“I just want you to promise me you will read it only if you find that you are lost and want to get back home but can’t. It won’t mean much of anything to you otherwise.

“I know you’re worried about that. I don’t want your worrying to keep you from doing something you need to do.

“It’s not like any of the other stories I tell you and the others because it is to help you find your way home, but only if you want to come home and can’t.”

Amelia looked at the bag with its sturdy red yard and then back at me.

“Yes. I promise. I’m not sure I will be able to read any of the words.”

“It’s okay if you don’t know the words. I wrote it when I didn’t know very many words at all myself. So the pictures will tell the story for you…if you find you need them.”

“Does your story have a name?”

“Not really. But if you think it needs one after you read it, if you need to read it, you can give it one. Then you can tell me what it is.”

“Sometimes, like right now, I don’t understand you.”

“It’s fine when you do. It is fine when you don’t. I love you whether you understand me or not.”

“It’s like you know I will come back to tell you the names of the story…if I leave, I mean.”

“Maybe you aren’t the only one who wants to know if you can travel far away and not be afraid. Maybe I do too.”

Amelia looked surprised, but didn’t say anything.

“Maybe you aren’t the only one who wants to make sure you can get back home if your heart desires but can’t without help.“

“You must love me very much.”

“I do, Amelia. Indeed I do.”

“Would you teach me to read and write words. I might like to write a book about my travels one day. And it would help me read your book better if I ever needed it.”

“Yes, I will. We can get started right away. I have a feeling there is a great deal already in you that is worth writing down.”

I hung her homemade travel bag with its loop of red yarn where she could get to it. All she would need to do would be to fly up and out of the top of the doorway. The loose loop would fit over her head as she flew out and away. It would carry the only gifts I could give her for her journey. There were sunflower kernels for her body and a book for her heart.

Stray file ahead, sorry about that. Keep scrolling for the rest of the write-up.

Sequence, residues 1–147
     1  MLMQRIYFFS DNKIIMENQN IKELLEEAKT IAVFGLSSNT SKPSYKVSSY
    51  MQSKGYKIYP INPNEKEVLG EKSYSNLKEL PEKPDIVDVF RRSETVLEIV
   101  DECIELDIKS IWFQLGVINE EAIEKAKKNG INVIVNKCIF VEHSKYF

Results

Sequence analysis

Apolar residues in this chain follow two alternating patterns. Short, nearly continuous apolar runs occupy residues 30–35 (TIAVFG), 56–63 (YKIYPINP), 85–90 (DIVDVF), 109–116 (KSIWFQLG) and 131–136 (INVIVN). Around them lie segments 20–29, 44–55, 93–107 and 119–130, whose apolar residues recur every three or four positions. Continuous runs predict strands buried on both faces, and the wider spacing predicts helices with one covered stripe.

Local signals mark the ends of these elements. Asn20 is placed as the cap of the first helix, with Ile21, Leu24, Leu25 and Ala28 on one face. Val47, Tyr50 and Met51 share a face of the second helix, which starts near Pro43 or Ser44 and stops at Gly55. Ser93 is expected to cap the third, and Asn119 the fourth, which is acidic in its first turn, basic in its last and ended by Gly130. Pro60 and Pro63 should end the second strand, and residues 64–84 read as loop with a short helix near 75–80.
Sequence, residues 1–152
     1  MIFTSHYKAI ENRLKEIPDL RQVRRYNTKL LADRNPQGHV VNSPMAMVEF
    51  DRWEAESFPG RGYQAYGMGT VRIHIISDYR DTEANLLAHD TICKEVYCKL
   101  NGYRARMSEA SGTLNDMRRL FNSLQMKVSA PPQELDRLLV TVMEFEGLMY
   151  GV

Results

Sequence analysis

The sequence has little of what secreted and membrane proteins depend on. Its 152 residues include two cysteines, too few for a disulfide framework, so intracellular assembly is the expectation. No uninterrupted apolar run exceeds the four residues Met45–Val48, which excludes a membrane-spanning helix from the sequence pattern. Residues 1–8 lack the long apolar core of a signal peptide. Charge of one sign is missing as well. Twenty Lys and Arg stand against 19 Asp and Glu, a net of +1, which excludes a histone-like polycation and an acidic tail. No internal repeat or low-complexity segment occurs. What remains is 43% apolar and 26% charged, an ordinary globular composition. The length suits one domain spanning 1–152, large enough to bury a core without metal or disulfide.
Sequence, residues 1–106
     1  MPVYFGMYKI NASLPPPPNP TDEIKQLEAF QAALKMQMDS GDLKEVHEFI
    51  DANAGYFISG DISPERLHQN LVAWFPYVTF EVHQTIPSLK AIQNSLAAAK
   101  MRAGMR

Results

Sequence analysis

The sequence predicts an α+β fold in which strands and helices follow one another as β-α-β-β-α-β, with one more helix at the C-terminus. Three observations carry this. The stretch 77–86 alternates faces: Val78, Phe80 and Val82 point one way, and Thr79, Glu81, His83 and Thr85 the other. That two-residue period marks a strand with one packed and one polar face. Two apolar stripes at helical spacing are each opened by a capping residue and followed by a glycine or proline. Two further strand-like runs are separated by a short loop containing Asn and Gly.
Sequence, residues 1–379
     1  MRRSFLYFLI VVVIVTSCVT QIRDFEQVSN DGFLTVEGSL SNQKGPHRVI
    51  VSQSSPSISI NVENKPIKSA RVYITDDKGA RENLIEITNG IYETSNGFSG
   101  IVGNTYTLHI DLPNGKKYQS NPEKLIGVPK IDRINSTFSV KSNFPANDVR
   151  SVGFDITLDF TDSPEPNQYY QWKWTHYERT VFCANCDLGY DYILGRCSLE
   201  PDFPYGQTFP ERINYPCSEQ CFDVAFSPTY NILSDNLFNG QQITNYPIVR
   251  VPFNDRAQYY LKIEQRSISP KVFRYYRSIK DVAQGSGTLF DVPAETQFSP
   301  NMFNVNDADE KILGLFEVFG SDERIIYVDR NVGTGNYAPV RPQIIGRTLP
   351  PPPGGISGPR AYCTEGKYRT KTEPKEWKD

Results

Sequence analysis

And so Amelia began to learn to read and write. I didn’t need to teach her how to draw. She had watched me enough and had a natural talent for making marks, as all chickens do.

She learned a dozen words, the words I thought might be most important for her to know. Then there was no more time.

My Life With Gracie (and especially Amelia) taught me sometimes there is more to a gift than what is seen.

It looks like this may be my next writing project tentatively titled “Conversations With Amelia.” In my mind, it is shaping up to be more like a novel than a collection of stories like “Seasons Of Friendship.” This would mean, I think, fewer illustrations and no “chicken wisdom” at the end of each chapter.

If you’re thinking the small folded-up book in Amelia’s travel bag will be important, you just may be right! And if you are guessing the small folded-up book is based on something I actually made in first grade and still have, you just may be right again!

Each post shares a glimpse into my journey as a writer and illustrator. Every “Like,” “Follow,” and “Comment” is truly appreciated!